Gato Libre – DuDu (2014)

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Norikatsu Koreyasu’s sudden passing in September of 2011 set the Gato Libre quartet adrift but eventually, the Japanese improvised music combo found a viable replacement for him. The thing is, Gato Libre leader and trumpeter Natsuki Tamura isn’t a musician who does things conventionally, and he didn’t do so here, either. Thus, the late bassist has been replaced by trombone player Yasuko Kaneko.

Tamura is also shrewd enough to modify the music to fit his newest member, and Gato Libre’s first album of its rebirth as a two-horn ensemble. DuDu — out May 27, 2014 on Libra Records — is a portrait of a smooth, successful transition.

Gato Libre, which means roughly “free cat” in Spanish, has always maintained a rustic, graceful Iberian essence in its music, courtesy of Satoko Fujii’s accordion and Kazuhiko Tsumura’s nylon string guitar. Tamura’s impassioned, desolate trumpet tone slides right into that temperament, and even when he stretches beyond tonality, as he’s often apt to do, he somehow manages to maintain that vibe.

Now, he’s got a partner in crime and though Tamura’s footprint has expanded perhaps a little, Kaneko’s trombone provides a viable brass counterweight to his own horn. Kaneko takes over Koreyasu’s spot but not his role; she deploys the wide resonance of the trombone to add color to these songs that unfold, not simply played.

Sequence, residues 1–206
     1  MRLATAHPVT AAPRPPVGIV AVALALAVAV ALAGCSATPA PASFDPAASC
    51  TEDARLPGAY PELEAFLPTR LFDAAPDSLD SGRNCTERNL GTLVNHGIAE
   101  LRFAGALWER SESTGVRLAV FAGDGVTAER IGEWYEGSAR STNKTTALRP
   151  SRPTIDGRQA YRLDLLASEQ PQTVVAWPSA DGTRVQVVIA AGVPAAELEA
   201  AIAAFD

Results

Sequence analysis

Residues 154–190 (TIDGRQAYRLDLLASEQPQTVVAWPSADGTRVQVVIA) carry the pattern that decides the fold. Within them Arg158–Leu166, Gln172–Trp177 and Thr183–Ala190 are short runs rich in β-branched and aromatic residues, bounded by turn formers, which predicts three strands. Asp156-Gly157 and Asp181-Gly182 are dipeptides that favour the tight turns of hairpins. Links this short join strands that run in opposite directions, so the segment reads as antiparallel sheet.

For “DuDu,” Kaneko’s contribution is seemingly minor but crucial: she launches a three-not ostinato that sends the song into a new direction after Tamura’s graceful lead that introduces the title song gives way to Fujii’s solo accordion breathing shorter and faster. Kaneko gets her first lead opportunity on the next track, “Gato,” expressing the desolate opening statement. She then gets to open up her luscious articulation, and Tamura counters with his signature noteless puffs on his trumpet.

In Gato Libre, you have to be able to play with both great restraint and total abandon in equally large measures. The group slams on the brakes during the course of playing of the bleak, tempered “Nanook” so that Tamura and Kaneko can engage in a chase for impossible notes. “Mouse” is even more episodic, going from the solemn guitar of Tsumura to the plunged trombone of Kaneko sparring with Fujii’s abrasive accordion to ending with Tamura’s skittering trumpet with Kaneko chasing close behind and coalescing around a brief, Cossack statement.

Amid these outbursts of free playing are plenty of moments of quiet beauty; for example, Tamura’s stellar trumpet lead lifts “Rainy Day” through both his intonation and personal way of expression.

It was undoubtedly not an easy decision to carry on with Gato Libre after the loss of a key member, but DuDu assures us that it was the right decision.

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